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A New Century (1900-1920)

Normile's Bicycle Works

Normile Bicycle

A W.J. Normile Bicycle, c.1920

William J. Normile, a merchant and Napanee Town Councillor (1905-1907), was largely responsible for the popularity of the bicycle in Napanee during the early twentieth century. DISCOVER MOREReadmore Arrow

Born in October 1862 in Canada West, William Normile worked as a carriage maker in Napanee for nearly twenty years. He is listed as a wagon maker on the 1881 Census. William worked for Webster & Boyes in Napanee for at least part of that time, and when the firm went out of business, he took over the building and became one of the largest bicycle dealers in Eastern Ontario.

The first notice for the Napanee Bicycle Works appears in an 1899 Farmers and Business Directory for Canada. The store was located on the north side of Dundas Street, between East Street and Adelphi, and featured a number of different makes and models of bicycle. Bikes were delivered even in the winter months, as can be seen in the c1900 photograph of the Normile store receiving a large shipment via sled.

Normile was an agent for the Cleveland bicycle and also Massey Harris bicycles. As the store's popularity grew, Normile began ordering bicycles with a Normile name badge attached to the frame in order to advertise his business, and to give the townspeople a chance to buy a "local" bicycle. A pre-World War I postcard shows a streetview of Dundas Street, and depicts the Normile Bicycle Works in the bottom left corner.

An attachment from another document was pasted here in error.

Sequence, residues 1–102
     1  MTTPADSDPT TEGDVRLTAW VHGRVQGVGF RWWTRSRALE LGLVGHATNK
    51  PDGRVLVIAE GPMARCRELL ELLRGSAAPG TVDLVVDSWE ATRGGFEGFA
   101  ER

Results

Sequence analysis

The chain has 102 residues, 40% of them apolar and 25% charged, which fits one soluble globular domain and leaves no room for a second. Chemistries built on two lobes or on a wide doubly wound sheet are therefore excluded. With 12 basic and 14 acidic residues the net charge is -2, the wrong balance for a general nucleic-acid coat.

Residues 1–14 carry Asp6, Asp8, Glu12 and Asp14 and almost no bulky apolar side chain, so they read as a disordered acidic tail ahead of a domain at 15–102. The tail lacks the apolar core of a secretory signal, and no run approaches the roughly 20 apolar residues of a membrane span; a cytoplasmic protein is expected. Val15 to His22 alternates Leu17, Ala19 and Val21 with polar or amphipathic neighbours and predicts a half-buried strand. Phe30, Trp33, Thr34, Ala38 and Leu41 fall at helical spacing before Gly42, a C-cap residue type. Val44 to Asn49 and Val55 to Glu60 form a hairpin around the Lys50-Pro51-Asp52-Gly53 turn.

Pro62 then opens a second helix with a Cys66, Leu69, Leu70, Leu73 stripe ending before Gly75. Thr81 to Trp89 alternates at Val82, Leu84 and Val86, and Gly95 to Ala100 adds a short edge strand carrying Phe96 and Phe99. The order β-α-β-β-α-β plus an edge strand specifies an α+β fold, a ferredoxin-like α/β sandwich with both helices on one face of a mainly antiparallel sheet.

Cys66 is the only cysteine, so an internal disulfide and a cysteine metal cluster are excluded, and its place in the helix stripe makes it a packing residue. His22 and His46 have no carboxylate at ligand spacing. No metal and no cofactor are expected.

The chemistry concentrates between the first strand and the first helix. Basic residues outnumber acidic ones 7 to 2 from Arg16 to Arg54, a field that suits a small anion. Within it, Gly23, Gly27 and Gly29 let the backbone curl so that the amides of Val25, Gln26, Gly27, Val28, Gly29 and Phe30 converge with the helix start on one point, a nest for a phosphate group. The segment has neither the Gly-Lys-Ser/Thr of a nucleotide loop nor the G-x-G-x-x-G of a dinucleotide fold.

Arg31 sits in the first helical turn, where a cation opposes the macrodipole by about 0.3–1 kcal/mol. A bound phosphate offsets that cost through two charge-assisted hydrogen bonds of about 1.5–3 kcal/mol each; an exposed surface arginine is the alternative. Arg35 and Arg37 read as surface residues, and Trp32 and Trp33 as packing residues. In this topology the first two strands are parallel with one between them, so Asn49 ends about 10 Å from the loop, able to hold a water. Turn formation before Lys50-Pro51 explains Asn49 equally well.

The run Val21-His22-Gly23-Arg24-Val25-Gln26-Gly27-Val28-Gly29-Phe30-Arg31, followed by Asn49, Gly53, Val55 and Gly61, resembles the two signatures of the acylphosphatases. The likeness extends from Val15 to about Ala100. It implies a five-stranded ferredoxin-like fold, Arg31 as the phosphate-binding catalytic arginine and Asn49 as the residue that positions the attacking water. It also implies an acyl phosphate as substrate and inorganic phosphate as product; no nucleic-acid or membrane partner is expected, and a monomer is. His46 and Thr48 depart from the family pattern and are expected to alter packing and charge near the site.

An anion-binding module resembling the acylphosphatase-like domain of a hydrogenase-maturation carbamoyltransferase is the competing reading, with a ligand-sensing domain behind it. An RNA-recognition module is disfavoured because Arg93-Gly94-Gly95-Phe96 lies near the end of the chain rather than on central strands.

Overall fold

Bicycling became a very popular sport, and weekly races were held every Friday night in the summer months, racing from the Normile Bicycle Works out to a finish line on Belleville Road.

As technology advanced, and automobiles emerged, the Napanee Bicycle Works updated its stock and services. According to the Napanee and Deseronto Industrial Edition of 1907, the Bicycle Works sold bicycles, motor vehicles, carriages, and gasoline engines, while also offering repair services and electrical work including house wiring. During the peak season, W.J. Normile employed several mechanics to keep up with demand.

The illustrated Normile bicycle has a name badge on the front of the handlebars: "Manufacturer, W.J. Normile, Napanee." The bicycle features a skip tooth sprocket, chain, and cast pedals. The back wheel is original, and features a wooden rim with wire spokes.

By 1914, the Normile store had been renamed, "Napanee Bicycle and Automotive Works." Family tradition relates that W.J. Normile was the first Ford Dealer in Napanee, and Henry Ford reportedly offered Normile two shares of the Ford Motor Company, which he politely refused.

Sometime after 1920, W.J. Normile sold his business to Mr. Ross Paul, and built a new garage on East Street just south of his residence. According to his obituary, he was still actively working at his garage until the time of his death on October 5th, 1926.

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